New Historian

Britain's Long History of Immigration

Battle of Hastings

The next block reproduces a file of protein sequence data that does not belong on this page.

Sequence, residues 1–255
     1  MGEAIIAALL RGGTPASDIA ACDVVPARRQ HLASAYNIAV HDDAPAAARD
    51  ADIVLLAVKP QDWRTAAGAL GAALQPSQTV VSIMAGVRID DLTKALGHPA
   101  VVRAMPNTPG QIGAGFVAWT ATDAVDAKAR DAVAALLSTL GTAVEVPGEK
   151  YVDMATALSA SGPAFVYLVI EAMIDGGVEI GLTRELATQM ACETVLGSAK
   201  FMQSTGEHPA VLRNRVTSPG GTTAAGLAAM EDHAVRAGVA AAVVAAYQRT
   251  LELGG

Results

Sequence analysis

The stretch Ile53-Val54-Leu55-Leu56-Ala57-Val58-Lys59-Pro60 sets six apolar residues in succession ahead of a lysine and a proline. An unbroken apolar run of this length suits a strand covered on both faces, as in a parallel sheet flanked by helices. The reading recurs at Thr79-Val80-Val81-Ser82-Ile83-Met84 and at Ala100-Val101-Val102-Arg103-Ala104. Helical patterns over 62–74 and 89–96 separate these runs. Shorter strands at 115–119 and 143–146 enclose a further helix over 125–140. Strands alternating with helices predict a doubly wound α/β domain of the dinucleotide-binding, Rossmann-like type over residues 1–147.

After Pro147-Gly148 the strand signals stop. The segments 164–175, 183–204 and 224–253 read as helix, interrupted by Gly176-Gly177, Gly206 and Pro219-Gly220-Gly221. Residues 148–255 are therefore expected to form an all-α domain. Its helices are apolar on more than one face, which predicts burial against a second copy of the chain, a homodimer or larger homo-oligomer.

<![CDATA[As the general election approaches in the United Kingdom, the controversial topic of immigration is once again at the forefront of political debate. The leaders of all of the major political parties have had to engage with the issue of immigration, a central component of British history. Foreign influence has played a defining role in British history and culture. A look at the country's history from its initial habitation up until the Norman Conquest quickly reveals the diverse range of peoples who have shaped the country's past. In 1996, the Commission for Racial Equality stated rather controversially that, "Everyone living in Britain today is an immigrant or a descendant of an immigrant". In some ways this is a provocative, over simplification of the issue, one which neglects ideas of nationality and identity, but it also provides some pertinent context. Until 10,000 BCE, Britain was completely unpopulated as the result of a thick ice sheet which made it uninhabitable. It was only when this sheet of ice started melting that the first hunter gatherers made their way to what is now the British Isles. Compared to much of the rest of the world, Britain has only been populated relatively recently. Celtic and Pictish tribes made the first settlements in Britain, with their communities probably starting to solidify sometime around 2,400 BCE, when the first Bell Beaker material arrived on the British Isles. Details of these tribes are somewhat limited unfortunately, as a consequence of them having been illiterate. The main sources available were written by ancient Greek and Roman authors, with Ptolemy's Geography providing the basis of much our knowledge. The Roman Conquest, starting from 43 CE, led to a significant increase in diversity. Traders from across the Roman Empire were drawn to the Roman colonies in England, and soldiers from as far away as Africa were deployed there. Following the Roman withdrawal many of these people left Britain, but there is little doubt that the years of Roman occupation led to a diversification of the inhabitants of the British Isles. After the Romans abandoned their colonies in Britain, several centuries of colonisation by Germanic Tribes followed. These groups, the Angles, Jutes and Saxons, settled in the south of England, and slowly became the ‘English’. This was followed by Viking influences, starting from the eighth century. Initially raiders who attacked and pillaged Anglo-Saxon communities, Norse armies began to settle in the north of England from the ninth century. Again, the Vikings ultimately left the British Isles, but they undoubtedly left a mark on the population. The final major invasion of the British Isles in the early medieval period came in 1066, with the Norman Conquest. The story of William the Conqueror is well known, but it is important to acknowledge the long term impact the Normans had on English culture. French influence permanently altered the largely Germanic language, and can still be heard in modern English. Norman traditions also filtered through into British politics and law, with traces that can still be seen to this day. The Norman, Viking and Roman immigration to Britain was largely facilitated though invasion and military expansion. In the centuries since, immigration has remained a central part of British history, one far too complex to discuss here. As politicians debate ideas of immigration and British identity, it is important to remember just intertwined foreign influence is with the country’s past.]]>

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